Fourteen Precious Minutes

After the extensive spring homeschooling and then summer holidays, we’re now a couple of weeks back into a school routine, albeit a slightly altered one.

It’s got me thinking again about how and what to prioritise, and how we tend to see time differently, depending on what we’re doing with it.

Money can have a similarly fluid interpretations.

Filling up our car with fuel I don’t really think twice about – it’s something you need to do, to be able to use the car. This currently costs around £60 a time.

But if I think about spending that same £60 on books or music or toys or clothes, I would consider these choices very carefully – and would be unlikely to drop that amount in one go with anything like as little thought.

With time, there are occasions I’m sure you experience too, when you’re almost wishing that time would speed up.

Perhaps the last few hours at work each week. Or the hours between you and your next photowalk. 

Other times, when you’re engaged in something you love, even another few minutes is highly desirable, and you try to make time slow down, elongating the pleasure to the last second.

Back to money for a moment, if you had £100, and someone asked you for £1, you’d likely give it without concern. 1% of anything is a tiny fraction, after all.

Each day we have 24 hours, or 1440 minutes.

1% of a day is just over 14 minutes, again, a very small proportion.

But some days I don’t spend even that 1%, that 14 minutes, on either photography, or writing about photography.

Is it so unimportant to me that I devote so little time? No!


The same can apply to anything you love. Dedicating just 1% of your time seems such a small commitment, it should be easy.

And, actually, it is. If you make it a habit.

I guess that’s what this post is about.

Reminding myself not least of all, that the things that get done in my life with least resistant and kerfuffle are those that are embedded habits.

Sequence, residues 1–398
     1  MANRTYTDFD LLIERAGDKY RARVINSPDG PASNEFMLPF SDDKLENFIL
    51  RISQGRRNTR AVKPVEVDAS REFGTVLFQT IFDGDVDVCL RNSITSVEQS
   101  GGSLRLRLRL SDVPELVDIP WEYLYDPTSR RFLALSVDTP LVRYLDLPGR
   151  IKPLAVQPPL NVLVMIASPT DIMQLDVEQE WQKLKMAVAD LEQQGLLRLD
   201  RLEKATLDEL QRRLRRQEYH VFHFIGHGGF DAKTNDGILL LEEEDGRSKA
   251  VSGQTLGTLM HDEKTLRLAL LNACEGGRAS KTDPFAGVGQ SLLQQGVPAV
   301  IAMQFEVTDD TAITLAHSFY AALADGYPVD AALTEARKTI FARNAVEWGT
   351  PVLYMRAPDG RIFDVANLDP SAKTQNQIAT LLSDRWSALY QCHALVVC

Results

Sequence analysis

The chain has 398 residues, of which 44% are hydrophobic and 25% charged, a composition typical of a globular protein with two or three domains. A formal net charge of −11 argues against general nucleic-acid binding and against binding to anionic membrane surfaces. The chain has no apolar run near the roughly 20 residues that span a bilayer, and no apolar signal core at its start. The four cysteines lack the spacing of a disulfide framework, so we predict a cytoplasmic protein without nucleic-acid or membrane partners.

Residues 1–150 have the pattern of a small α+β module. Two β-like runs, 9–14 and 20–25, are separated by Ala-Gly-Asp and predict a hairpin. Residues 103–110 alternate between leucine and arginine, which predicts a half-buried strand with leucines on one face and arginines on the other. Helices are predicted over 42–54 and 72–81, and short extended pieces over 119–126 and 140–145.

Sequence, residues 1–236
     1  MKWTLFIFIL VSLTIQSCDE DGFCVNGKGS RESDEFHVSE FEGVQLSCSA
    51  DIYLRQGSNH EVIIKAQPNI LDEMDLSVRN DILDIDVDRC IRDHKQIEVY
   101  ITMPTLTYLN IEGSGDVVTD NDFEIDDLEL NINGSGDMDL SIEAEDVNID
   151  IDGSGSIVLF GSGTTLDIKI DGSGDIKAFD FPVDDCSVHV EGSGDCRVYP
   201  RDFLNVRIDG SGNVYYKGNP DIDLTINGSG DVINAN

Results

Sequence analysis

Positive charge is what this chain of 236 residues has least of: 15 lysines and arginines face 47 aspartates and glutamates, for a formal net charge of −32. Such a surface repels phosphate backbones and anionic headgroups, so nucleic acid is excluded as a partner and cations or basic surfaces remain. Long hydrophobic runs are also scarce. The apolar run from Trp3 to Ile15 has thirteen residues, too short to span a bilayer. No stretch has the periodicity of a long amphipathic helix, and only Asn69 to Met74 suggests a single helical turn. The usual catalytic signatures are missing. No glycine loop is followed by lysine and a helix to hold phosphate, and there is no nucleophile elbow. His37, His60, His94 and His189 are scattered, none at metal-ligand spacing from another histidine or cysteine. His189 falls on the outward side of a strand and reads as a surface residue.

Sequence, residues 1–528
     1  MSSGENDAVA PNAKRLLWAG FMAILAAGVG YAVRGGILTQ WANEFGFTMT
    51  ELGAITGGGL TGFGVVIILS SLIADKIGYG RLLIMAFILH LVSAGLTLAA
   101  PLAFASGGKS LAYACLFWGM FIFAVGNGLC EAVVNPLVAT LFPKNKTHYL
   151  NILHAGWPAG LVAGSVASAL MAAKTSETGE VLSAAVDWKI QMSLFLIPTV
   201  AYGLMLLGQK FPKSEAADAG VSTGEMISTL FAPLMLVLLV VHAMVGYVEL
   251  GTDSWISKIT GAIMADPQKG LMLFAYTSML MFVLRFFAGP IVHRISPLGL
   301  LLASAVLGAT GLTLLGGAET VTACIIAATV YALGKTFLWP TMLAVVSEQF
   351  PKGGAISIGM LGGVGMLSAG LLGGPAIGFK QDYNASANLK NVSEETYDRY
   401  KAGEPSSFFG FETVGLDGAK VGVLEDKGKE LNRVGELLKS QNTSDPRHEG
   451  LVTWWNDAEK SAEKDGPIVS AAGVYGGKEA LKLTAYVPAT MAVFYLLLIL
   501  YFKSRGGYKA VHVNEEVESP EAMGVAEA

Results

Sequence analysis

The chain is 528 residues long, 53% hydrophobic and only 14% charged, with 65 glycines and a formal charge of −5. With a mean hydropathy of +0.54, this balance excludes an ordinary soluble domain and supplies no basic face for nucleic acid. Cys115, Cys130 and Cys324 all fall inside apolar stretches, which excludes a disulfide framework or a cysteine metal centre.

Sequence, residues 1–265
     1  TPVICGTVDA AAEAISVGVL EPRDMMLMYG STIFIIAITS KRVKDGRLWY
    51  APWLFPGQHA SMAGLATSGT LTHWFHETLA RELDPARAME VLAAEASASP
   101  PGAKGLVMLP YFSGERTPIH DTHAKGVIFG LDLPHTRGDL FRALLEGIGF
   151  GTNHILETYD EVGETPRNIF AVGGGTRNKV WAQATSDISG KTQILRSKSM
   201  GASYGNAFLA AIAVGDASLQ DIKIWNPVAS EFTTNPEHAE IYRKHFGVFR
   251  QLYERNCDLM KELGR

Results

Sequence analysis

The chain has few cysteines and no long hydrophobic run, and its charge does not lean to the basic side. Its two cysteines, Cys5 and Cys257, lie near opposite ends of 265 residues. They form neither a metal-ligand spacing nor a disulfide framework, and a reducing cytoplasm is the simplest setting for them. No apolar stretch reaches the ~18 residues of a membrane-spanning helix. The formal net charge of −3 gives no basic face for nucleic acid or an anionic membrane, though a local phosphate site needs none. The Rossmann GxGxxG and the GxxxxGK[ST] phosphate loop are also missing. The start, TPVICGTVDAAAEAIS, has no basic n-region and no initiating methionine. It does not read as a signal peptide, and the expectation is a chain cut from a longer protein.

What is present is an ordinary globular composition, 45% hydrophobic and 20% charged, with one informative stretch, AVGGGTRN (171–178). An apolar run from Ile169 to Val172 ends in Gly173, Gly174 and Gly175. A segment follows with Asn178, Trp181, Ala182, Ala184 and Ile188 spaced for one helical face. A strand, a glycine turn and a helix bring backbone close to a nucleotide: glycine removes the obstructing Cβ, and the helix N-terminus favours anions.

Fundamentals like sleeping and eating, but also others, like listening to a child read each night, or my morning yoga and exercise practice.

These habits come with little question, I don’t sit wringing my hands, deeply questioning whether I have the time to spare (with reading, about 14 minutes is about average, yoga twice that, so only 1% and 2% of my day respectively).

I need to restore these habits in a few other areas then, like photography and writing.

With the latter, my son is now back to trampolining, so I have a couple of evenings where I wait for two hours.

Previously I could sit in the gym and hook up to the wifi, and bash away at the keys for the 120 minutes, in between seeing his turns of flipping and twisting on the trampoline.

We (the parents) are not currently allowed in the building, so I’m writing this in the car, piggy backing my phone’s wifi hotspot. Not ideal, but good enough to get some decent writing time in.

Not sure how this will pan out as the days get colder though. Perhaps I’ll bring a blanket.

So, two sessions of up to two hours a week is a big chunk of the time I need to write the amount I want to here on 35hunter.

Add in another couple of evening sessions and I’ll be on top of it.

Photography itself is a little simpler. 

One photowalk per week of about 60-120 mins is about right. I just need to slot these back into my weekends. 

What do you enjoy greatly, but feel you never have time for? How could you make just 1% of your day available – a mere 14 minutes – starting from today?

Please let us know in the comments below (and don’t forget to tick the “Notify me of new comments via email” box to follow the conversation).

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2 thoughts on “Fourteen Precious Minutes”

  1. To me, that’s easy, songwriting/recording.
    It’s easy to spend 15 minutes taking pictures, turn on the camera and off you go. Especially easy if you’re in some place where there’s plenty of subjects.
    It’s a lot harder with writing music (or words…) – 15 minutes barely gets your concentration dialed in…
    Which is probably a good reason why I picked up photography after our 3rd son was born – with no time for music, I needed a creative outlet…

    1. I understand. I used to enjoy making music, I’m not trained in anything, it was more playing about with a guitar, e-bow, effects pedals and a four track, then latterly with software and loops. But putting a track together, even just with the four track, takes hours and hours on end. It’s very hard to find that time even if you’re working and in a couple, let alone when kids are in the equation. We have three too!

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